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A landlord and tenant can negotiate mainly in Spanish, Chinese, Tagalog, Vietnamese or Korean the rental, rental or subletting of a rental unit. In this case, the landlord must give the tenant a written translation of the proposed tenancy or tenancy agreement in the language used in the negotiation before the tenant signs it. This rule applies, whether the negotiations are oral or written. The rule does not apply when the lease is one month or less. The landlord must give the tenant the written translation of the tenancy or tenancy agreement, whether the tenant requests it or not. The translation must contain all the conditions and conditions in the lease, but may retain items such as names, addresses, figures, dollar amounts and data in English. It is never enough for the landlord to give the tenant the written translation of the tenancy or tenancy agreement after the tenant is signed. Spanish-, Chinese, Tagalog, Vietnamese or Korean tenants negotiated the lease through their own interpreter; and however, the landlord is not obliged to give the tenant a written translation of the tenancy or tenancy agreement if all the following points are correct: Then you should add a single unilateral document, Spanish in the upper half, English below, which confirms that the tenant has checked all the documents, understands them and has had the opportunity to ask questions to the subcontractor lawyer. Have the tenant sign either the Spanish or English section, depending on the comfort of the language. Hello @Ian Thompson. I do not recommend that you translate all your leasing documents into Spanish: the courts will not know what to do with them. We have other Spanish tenants in different buildings and they all get English rental contracts and we never had a problem, even though it was time to go to court.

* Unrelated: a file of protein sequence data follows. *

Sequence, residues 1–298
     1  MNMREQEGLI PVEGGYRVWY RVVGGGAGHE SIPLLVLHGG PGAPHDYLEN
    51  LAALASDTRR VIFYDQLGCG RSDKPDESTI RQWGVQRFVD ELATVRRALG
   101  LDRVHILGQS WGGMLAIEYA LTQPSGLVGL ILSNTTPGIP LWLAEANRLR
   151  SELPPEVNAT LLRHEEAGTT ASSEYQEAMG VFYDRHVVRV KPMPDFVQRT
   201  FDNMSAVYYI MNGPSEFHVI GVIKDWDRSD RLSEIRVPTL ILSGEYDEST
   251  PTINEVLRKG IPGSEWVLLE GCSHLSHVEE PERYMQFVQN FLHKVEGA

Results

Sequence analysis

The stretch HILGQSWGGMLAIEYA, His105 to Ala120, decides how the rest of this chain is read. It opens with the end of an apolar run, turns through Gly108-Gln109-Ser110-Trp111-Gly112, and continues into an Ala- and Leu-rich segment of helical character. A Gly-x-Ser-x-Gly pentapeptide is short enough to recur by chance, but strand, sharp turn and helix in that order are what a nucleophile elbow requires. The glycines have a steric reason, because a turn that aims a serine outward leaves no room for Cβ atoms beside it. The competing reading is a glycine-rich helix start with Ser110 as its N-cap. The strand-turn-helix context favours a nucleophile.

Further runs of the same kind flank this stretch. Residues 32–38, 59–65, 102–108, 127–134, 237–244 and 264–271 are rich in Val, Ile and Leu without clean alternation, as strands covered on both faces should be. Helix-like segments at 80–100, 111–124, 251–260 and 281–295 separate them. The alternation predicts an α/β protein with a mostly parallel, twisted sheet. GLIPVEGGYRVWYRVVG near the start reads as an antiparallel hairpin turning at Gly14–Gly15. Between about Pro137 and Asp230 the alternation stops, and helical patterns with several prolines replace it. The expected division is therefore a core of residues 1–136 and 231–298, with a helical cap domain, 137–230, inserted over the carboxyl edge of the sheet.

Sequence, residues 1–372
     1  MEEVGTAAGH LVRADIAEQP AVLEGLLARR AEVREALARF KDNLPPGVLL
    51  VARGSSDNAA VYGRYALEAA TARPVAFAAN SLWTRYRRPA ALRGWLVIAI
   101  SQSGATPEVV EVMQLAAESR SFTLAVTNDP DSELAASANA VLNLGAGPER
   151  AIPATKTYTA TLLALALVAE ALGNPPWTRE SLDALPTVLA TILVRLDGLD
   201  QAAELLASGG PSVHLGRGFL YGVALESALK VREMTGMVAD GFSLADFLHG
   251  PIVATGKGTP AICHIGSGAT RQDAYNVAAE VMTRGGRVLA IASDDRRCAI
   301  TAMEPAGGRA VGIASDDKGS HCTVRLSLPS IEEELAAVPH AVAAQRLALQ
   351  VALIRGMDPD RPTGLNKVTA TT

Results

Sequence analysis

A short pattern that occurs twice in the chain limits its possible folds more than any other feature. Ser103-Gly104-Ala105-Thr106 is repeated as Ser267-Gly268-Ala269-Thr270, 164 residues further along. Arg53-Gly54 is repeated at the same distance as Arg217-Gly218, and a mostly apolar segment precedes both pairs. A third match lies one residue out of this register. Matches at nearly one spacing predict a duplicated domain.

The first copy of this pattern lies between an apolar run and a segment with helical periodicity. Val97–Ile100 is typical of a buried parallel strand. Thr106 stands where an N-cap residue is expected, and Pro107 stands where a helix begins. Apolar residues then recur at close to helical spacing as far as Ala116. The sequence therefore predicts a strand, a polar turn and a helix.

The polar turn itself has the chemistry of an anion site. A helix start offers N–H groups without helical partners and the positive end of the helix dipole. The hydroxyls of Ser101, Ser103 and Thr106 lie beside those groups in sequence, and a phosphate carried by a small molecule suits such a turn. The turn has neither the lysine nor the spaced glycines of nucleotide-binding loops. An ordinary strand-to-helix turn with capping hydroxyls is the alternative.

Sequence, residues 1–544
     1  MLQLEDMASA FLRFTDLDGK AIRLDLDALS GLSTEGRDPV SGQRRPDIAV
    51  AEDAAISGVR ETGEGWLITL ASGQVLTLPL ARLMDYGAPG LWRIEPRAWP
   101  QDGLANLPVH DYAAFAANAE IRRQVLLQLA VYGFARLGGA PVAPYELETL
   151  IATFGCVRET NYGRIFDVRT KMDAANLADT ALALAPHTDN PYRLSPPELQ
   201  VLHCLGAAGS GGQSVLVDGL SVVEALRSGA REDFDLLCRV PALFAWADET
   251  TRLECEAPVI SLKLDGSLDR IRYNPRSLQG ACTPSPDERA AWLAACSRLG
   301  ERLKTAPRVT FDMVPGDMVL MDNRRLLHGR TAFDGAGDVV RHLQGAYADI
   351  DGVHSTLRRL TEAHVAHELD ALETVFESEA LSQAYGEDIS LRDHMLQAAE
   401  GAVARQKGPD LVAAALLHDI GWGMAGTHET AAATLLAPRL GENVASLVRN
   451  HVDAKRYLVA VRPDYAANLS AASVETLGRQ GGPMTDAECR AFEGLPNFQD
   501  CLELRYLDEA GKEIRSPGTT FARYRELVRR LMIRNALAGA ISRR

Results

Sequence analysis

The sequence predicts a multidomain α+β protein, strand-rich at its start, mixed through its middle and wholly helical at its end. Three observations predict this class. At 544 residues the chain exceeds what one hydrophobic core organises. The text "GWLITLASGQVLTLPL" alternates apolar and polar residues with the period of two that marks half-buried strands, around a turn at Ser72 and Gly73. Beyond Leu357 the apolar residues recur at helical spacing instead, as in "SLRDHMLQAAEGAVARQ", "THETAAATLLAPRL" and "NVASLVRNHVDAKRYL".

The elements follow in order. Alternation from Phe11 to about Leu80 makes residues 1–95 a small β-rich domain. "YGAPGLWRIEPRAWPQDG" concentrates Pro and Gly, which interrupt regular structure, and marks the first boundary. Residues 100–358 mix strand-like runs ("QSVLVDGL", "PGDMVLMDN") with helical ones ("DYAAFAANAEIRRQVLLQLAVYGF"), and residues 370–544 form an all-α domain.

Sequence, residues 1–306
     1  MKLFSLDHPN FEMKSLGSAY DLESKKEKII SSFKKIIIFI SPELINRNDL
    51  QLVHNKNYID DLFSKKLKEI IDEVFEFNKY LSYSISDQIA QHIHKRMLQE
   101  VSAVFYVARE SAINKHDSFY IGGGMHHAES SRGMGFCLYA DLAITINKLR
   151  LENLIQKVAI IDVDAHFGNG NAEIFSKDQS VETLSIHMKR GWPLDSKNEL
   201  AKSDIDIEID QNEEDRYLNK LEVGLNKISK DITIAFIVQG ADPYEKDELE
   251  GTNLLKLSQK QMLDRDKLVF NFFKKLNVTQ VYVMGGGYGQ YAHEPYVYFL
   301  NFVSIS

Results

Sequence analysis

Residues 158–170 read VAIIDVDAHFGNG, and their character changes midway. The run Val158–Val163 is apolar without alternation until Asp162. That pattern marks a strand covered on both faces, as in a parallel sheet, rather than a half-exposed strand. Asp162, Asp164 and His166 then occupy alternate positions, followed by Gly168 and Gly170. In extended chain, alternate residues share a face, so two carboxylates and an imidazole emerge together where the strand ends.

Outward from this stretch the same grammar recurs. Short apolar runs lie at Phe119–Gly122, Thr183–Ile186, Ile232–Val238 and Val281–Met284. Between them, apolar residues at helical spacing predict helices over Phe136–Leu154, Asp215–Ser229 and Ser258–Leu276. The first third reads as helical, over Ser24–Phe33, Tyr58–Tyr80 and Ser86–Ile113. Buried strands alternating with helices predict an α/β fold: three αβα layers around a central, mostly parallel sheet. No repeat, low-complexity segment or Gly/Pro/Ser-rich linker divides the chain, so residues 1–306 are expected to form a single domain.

I advise you to invest in a Spanish-speaking lawyer to make your rentals. Make sure the lawyer understands all your documents. (Source: My question to all of you is whether I should try to provide these people with Spanish documents, that is, leases and other such documents, or are you doing your whole thing in English? One of the last buildings I bought had similar problems and then cured it with Pest Control. It would seem that the other two tenants I did not talk to are also Hispanic. Here in Texas, TAR offers a polished Spanish translation of the residential rental contract, but it finds very clearly that it cannot be used in place of the English version and is not a legally binding contract. The interpreter is not employed or provided by the owner or through the owner. The tenant`s interpreter is able to speak fluently and read English with all the understanding, as well as Spanish, Chinese, Tagalog, Vietnamese or Korean (depending on what was used in the negotiations); and this is the U.S. Courts working in our English language.

If they can`t read it, they have to hire someone to help them read it. But there`s a good chance you`ll rent to someone without SSN and put yourself at a huge risk by not checking your background. @Ian Thompson The answer will vary from state to state, so you need to know the law in California. In California, the law says: “The interpreter is not a minor (under 18); and I would do nothing but English, and that is why I did this: the courts in the United States operate in English.